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Inflation. FRESH CLASSES OF MA ECONOMICS EXTERNAL KU INDIVIDUALS & GROUPS NOMINAL FEE MICRO ECONOMICS, STATISTICS & MACRO ECONOMICS GUESS PAPERS ARE ALSO AVAILABLE FROM 16 TH OF APRIL 2011. R-1173, 3 RD FLOOR ALNOOR SOCIETY, BLOCK 19, F.B.AREA, KARACHI. NEAR POWER HOUSE & MASJID E AQSA.

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  • FRESH CLASSES OF MA ECONOMICS EXTERNAL KU

  • INDIVIDUALS & GROUPS

  • NOMINAL FEE

  • MICRO ECONOMICS, STATISTICS & MACRO ECONOMICS

  • GUESS PAPERS ARE ALSO AVAILABLE FROM 16TH OF APRIL 2011.

  • R-1173, 3RD FLOOR ALNOOR SOCIETY, BLOCK 19, F.B.AREA, KARACHI. NEAR POWER HOUSE & MASJID E AQSA.

  • 0322-3385752


Join khalid aziz
JOIN KHALID AZIZ

  • ECONOMICS OF ICMAP, ICAP, MA-ECONOMICS, B.COM.

  • FINANCIAL ACCOUNTING OF ICMAP STAGE 1,3,4 ICAP MODULE B, B.COM, BBA, MBA & PIPFA.

  • COST ACCOUNTING OF ICMAP STAGE 2,3 ICAP MODULE D, BBA, MBA & PIPFA.

  • CONTACT:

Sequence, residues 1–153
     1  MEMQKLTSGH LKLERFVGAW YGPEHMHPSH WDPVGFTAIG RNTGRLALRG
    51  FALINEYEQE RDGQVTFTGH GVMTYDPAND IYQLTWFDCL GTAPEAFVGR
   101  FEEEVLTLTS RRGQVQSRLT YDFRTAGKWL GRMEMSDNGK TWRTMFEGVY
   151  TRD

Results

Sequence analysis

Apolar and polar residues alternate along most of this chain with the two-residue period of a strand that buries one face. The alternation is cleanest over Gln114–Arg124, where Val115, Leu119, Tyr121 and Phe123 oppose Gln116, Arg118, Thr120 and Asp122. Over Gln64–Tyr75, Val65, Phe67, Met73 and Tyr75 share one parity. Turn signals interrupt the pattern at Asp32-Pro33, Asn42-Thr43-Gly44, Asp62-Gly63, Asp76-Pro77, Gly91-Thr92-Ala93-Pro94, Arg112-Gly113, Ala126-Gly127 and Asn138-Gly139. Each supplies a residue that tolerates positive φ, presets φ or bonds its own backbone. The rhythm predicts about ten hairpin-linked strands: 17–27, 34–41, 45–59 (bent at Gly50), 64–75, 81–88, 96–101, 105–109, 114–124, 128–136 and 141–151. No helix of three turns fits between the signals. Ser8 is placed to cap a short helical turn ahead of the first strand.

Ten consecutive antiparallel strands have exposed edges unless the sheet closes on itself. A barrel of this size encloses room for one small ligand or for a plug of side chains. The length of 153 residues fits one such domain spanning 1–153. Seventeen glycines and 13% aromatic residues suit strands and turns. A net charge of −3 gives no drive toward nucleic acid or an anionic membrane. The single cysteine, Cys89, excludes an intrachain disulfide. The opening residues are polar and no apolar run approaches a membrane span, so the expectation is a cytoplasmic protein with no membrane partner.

• 0322-3385752

  • 0312-2302870

  • 0300-2540827

  • R-1173,ALNOOR SOCIETY, BLOCK 19,F.B.AREA, KARACHI, PAKISTAN.


Inflation is
Inflation is ...

  • Inflation is a rise in the average price of goods over time


Some questions about inflation
Some questions about inflation

  • Why is inflation bad?

    • Inflation does have bad effects, but some popular criticisms are based on spurious reasoning

  • What are the causes of inflation?

  • What can be done about it?


The quantity theory of money
The quantity theory of money

  • The quantity theory of money says that changes in the nominal money supply lead to equivalent changes in the price level (and money wages) but do not have effects on output and employment.


The quantity theory 2
The quantity theory (2)

  • The quantity theory of money says:

  • M V = P Y

    • where V = velocity of circulation

  • If prices adjust to maintain real income (Y) at the potential level and if velocity stays constant

  • then an increase in nominal money supply leads to an equivalent increase in prices

  • but if velocity is variable or prices are sluggish, this link is broken.


Money and prices
Money and prices

  • Milton Friedman famously claimed

  • ‘Inflation is always and everywhere a monetary phenomenon.’

    • i.e. it results when money supply grows more rapidly than real output.

  • But this does not prove that causation is always from money to prices

    • e.g. if the government adopts an accommodating monetary policy.


Money and inflation 2
Money and inflation (2)

  • …but in the long run, changes in real income and interest rates significantly alter real money demand

  • so there may not be a perfect correspondence between excess monetary growth and inflation.